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Virtual Reality Courses Offer Immersion into Remote Instruction

With all the University of Mississippi classes being delivered online during the COVID-19 outbreak, professors have had to get creative. While many are streaming live or playing pre-recorded videos, one professor is using a virtual reality version of himself and getting surprising results in return.

This screen capture illustrates how real-life action compares with the VR version for Jones’ lectures. Submitted photo
Adam Jones has been using VR to deliver lectures for two courses, CSCI 343: Fundamentals of Data Science and CSCI 447: Immersive Media, a VR development class. Besides the VR lectures, he has been conducting live-streamed tutorials and Q&A sessions on YouTube.

“I’ve been really pleased with the results,” said Jones, assistant professor of computer and information science in the School of Engineering.

“There are, of course, wrinkles to be ironed out when making a big change like this, but it has been surprisingly easier than expected. Students have the option to view lectures through VR headsets, on computer screens like a first-person 3D game, or through online video.”

Jones said the process for translating a lecture into VR is pretty smooth.

“It is very similar to teaching in a real classroom,” he said. “Instructors do not just give slideshows. They point, gesture, move and make eye contact with students while they teach. These are things that you sometimes lose when delivering online lectures by video, but you get to keep these visual cues in VR.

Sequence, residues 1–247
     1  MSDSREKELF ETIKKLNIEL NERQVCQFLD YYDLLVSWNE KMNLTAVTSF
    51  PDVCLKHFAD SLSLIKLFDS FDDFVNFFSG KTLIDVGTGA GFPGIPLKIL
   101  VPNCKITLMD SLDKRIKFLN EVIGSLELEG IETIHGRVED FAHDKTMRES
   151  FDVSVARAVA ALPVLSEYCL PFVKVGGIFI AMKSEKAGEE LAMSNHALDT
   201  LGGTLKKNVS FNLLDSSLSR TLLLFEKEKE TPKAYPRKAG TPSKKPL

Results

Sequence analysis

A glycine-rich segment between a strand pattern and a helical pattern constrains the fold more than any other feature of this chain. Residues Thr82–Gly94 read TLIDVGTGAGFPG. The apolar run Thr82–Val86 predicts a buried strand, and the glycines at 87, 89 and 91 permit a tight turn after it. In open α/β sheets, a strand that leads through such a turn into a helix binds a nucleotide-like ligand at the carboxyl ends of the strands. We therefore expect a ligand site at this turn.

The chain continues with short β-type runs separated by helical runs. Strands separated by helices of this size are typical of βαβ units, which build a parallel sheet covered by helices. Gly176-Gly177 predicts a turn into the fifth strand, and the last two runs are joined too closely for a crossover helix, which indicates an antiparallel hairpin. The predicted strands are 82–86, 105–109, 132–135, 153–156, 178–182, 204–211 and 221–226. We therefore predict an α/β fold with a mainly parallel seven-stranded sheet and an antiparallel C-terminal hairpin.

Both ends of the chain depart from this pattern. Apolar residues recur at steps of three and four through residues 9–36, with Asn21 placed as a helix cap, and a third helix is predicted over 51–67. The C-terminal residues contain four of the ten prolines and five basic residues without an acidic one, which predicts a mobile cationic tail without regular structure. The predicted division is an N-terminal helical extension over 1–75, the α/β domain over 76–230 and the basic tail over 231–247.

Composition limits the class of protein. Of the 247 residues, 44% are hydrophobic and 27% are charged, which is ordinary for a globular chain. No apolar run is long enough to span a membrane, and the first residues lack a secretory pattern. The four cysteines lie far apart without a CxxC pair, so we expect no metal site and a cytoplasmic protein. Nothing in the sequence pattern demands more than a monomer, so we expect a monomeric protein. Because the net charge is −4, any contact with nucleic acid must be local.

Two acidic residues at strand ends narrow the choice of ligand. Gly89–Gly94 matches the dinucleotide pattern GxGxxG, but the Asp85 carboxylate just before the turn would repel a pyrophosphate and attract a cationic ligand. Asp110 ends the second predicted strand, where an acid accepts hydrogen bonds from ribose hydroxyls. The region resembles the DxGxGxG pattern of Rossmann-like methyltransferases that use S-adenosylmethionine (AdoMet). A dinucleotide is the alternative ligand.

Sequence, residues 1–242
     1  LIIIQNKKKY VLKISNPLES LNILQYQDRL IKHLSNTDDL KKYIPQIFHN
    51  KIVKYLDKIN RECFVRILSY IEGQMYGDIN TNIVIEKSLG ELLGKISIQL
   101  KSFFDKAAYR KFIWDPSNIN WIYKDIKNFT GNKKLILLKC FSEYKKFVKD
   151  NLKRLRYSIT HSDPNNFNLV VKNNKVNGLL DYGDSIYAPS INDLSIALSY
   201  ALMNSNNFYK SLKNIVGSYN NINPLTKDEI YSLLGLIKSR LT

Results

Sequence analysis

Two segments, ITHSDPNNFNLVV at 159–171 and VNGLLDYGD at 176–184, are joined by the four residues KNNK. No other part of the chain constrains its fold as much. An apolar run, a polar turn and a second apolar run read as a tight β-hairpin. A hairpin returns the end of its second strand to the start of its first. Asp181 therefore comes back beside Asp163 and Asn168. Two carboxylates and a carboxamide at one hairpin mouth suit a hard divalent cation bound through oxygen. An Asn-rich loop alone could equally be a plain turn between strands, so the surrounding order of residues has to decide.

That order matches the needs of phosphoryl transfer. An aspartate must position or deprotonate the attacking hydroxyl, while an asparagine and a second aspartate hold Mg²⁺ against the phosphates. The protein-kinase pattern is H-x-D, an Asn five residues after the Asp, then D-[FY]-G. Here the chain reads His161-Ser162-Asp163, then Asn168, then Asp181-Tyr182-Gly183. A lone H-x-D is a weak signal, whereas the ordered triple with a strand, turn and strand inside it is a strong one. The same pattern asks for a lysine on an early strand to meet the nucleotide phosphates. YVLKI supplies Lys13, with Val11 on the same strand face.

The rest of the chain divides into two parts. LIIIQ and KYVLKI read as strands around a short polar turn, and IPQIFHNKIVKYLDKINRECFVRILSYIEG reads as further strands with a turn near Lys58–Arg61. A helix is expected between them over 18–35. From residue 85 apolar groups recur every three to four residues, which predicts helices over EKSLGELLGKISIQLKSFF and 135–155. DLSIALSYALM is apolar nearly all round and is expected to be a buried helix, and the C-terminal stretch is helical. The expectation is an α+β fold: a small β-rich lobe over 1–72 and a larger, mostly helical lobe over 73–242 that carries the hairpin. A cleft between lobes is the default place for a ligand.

“It also has the added bonus that you can lecture in your pajamas.”

Students taking these VR courses have enjoyed interacting with Jones and one other.

“The use of a VR environment, which incorporated a traditional PowerPoint and a floating head with hands, was a genius method to continue classes without interruption,” said Logan Parker, a sophomore computer science major from Laurel. “The VR environment proved to be engaging as well as entertaining to me.”

VR instruction doesn’t feel much different than being in a standard classroom, said James Tweedle, a senior in biomedical engineering from Cleveland.

“It simply felt like I was watching Dr. Jones present at the front of the classroom,” Tweedle said. “Whereas in a classroom setting, I might miss something a teacher states without realizing it or being able to write it down, (but) having VR lectures I can return to if need be has made learning the material easier.”

Jones said even his 2-year-old daughter enjoys watching the lectures.

“She absolutely loves robots and gets very excited to see ‘robot daddy’ on the computer,” he said. “I think it’s just a really fun format.”

Students in the VR development course use the collaboration function to share the virtual worlds that they build for their assignments. The creativity that they have shown in building these worlds has been “phenomenal,” Jones said.

“It is super exciting grading their virtual worlds because I never know what to expect. For their last assignment, they were instructed to build a retro-sci fi-themed world. Many of the students’ incorporated elements about the pandemic into the narratives for their virtual worlds.”

With the spring semester winding down, Jones will be teaching a summer workshop for middle and high school students with UM Outreach and Continuing Education using this VR technology. Jones said he plans to continue using VR for teaching post-pandemic.

“This format is highly scalable since you aren’t limited by seats in a physical classroom, but you still have that in-person feel,” he said. “The virtual environment that we’re using is made to enable collaboration.”

To see a video of one of Jones’ VR lectures, visit https://www.youtube.com/watch?v=BHhf2y8dH88.


By Edwin B. Smith, University of Mississippi Communications

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